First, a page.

A Solution to Help Your Parents Be Safer When Walking Outside

In an earlier SeniorHomes.com blog post on vision loss, we discussed how this normal condition of aging can affect the health and well-being of older adults. Vision loss can increase the likelihood of seniors requiring assistance with activities of daily living and the risk of falls. Last week the Centers for Disease Control and Prevention (CDC) released Preventing Falls: A Guide to Implementing Effective Community-Based Fall Prevention Programs and the CDC Compendium of Effective Fall Interventions: What Works for Community-Dwelling Older Adults, 3rd Edition. The reason why these reports were solely dedicated to preventing falls is because “falls are the leading cause of fatal and nonfatal injuries among adults 65 and older and 10,000 people in the United States turn 65 every day”(Preventing Falls page 1) and the economic impact that result from medical costs is reported at being $34 billion annually(Compendium 1).

The Preventing Falls report provides guidance for community programs when developing and implementing a fall prevention program, while the compendium highlights research studies on fall-prevention measures among community-dwelling seniors. Though the intended audience of the compendium is clinicians, public health practitioners senior service providers, there is one study included in the report that is of value to caregivers and seniors.

How Glasses can Affect the Likelihood of Falls

The use of eyeglasses as one ages is often due to presbyopia, a common form of vision loss. Wearing either single lens or multifocal glasses is the usual prescription to compensate for the loss of vision. A recent study conducted by researchers in Sydney, Australia, Effect on falls on providing single lens distance vision glasses to multifocal glasses wearers: VISIBLE randomised controlled trial, sought to determine whether the use of single lens distance glasses reduced the number of falls in seniors who wore multifocal glasses. Each lens type has its advantages: a single lens is useful for distant and near vision, while multifocal lens (bifocal, trifocal or progressive lens) are useful in activities, such as driving or cooking, that require the eye to switch between focusing at different distances. However, studies have found that bifocals or progressive lens affect a senior’s distant depth perception and the ability to see contrasts; “in particular, wearers of multifocal glasses have high risk of falls when outside their homes and when walking up or down stairs.”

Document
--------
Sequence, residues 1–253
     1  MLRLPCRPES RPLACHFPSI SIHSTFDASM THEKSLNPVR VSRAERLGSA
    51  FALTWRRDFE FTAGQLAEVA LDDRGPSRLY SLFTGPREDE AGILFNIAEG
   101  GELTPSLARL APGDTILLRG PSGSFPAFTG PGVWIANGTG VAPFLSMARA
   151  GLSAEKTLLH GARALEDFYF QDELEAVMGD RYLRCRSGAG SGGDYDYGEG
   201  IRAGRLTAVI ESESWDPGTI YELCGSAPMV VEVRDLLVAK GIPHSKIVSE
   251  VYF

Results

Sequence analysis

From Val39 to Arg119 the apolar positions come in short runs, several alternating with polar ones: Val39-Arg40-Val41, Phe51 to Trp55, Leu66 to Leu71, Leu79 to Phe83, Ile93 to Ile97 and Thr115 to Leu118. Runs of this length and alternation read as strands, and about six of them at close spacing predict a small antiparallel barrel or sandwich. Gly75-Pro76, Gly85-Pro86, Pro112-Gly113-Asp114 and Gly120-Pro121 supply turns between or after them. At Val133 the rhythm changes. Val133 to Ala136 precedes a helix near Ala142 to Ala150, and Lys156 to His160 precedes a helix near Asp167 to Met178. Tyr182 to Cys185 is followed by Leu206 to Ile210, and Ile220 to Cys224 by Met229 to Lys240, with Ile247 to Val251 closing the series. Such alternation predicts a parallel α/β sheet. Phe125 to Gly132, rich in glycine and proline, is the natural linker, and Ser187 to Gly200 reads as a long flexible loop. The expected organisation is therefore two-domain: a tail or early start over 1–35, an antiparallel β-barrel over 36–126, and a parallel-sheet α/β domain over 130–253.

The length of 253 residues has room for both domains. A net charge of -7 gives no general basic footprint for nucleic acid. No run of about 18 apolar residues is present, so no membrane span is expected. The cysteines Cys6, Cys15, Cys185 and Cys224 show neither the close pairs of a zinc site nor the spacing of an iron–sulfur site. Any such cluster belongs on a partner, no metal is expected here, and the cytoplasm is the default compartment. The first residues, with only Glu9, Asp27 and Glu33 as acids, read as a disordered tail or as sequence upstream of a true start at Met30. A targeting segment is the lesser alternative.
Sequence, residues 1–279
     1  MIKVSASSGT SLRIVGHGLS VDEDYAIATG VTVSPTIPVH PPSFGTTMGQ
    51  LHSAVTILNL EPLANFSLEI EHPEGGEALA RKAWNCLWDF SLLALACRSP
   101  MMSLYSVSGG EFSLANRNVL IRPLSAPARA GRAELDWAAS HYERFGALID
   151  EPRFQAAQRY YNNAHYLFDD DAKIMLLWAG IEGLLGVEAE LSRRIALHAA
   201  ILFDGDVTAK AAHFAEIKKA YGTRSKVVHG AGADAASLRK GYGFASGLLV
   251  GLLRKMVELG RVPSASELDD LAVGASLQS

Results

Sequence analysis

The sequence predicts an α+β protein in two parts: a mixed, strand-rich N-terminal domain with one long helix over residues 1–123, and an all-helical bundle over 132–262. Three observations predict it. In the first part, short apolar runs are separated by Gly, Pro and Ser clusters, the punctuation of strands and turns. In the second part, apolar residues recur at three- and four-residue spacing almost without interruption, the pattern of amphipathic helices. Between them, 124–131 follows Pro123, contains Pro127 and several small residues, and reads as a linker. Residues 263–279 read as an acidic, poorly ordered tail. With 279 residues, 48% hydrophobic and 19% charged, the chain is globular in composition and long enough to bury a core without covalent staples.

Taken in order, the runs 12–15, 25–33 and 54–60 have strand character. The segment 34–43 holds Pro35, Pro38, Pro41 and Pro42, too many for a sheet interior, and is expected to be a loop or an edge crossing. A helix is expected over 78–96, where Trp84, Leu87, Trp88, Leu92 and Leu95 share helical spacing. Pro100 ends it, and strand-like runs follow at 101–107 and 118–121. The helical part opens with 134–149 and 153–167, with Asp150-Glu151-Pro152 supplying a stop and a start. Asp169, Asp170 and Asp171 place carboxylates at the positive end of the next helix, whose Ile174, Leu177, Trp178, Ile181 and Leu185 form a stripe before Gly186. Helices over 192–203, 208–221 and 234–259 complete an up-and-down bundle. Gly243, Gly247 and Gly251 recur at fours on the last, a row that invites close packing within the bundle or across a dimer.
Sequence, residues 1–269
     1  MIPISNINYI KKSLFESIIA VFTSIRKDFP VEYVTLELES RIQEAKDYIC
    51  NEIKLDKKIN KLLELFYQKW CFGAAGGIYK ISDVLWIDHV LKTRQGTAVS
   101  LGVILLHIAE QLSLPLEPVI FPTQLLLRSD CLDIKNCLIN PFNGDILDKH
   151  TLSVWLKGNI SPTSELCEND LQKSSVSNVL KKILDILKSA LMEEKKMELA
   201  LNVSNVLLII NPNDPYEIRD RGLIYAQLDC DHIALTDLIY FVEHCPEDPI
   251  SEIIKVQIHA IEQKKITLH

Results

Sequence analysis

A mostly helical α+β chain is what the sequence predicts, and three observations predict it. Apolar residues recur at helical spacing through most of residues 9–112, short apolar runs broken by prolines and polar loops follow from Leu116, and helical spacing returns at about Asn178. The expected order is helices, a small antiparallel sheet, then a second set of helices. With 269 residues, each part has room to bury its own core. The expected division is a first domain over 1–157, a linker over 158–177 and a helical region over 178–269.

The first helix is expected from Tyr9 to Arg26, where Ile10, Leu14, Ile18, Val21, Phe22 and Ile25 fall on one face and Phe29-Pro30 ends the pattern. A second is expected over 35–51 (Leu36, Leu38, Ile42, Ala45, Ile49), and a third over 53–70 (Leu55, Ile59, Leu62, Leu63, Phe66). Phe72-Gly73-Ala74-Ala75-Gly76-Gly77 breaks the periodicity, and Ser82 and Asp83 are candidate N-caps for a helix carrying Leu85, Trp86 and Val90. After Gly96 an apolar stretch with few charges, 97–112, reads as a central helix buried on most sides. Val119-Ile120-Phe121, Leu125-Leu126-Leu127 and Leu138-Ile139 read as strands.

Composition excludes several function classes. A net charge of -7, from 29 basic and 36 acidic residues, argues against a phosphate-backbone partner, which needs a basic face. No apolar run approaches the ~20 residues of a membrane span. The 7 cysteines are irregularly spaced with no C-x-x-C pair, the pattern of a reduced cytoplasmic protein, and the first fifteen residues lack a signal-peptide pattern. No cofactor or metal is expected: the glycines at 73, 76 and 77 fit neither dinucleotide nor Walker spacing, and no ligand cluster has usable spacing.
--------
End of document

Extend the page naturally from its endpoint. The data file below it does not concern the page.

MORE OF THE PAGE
Study Design and Results

In this randomised study, 606 participants were separated into the intervention or control group. At the first visit, subjects in the intervention group were examined by an optometrist who prescribed single lens distance glasses that matched the prescription of their multifocal lenses. On the second visit, these subjects received their new single lens glasses and were shown how multifocal glasses can affect depth perception and noticing obstacles. The optometrist recommended use of the single lens glasses for most walking and standing activities, such as walking in the street, walking up and down stairs, or walking in unfamiliar surroundings. Control group subjects also received the same exam by the optometrist and received updated multifocal lenses if needed; however, they did not receive any advice on using their glasses.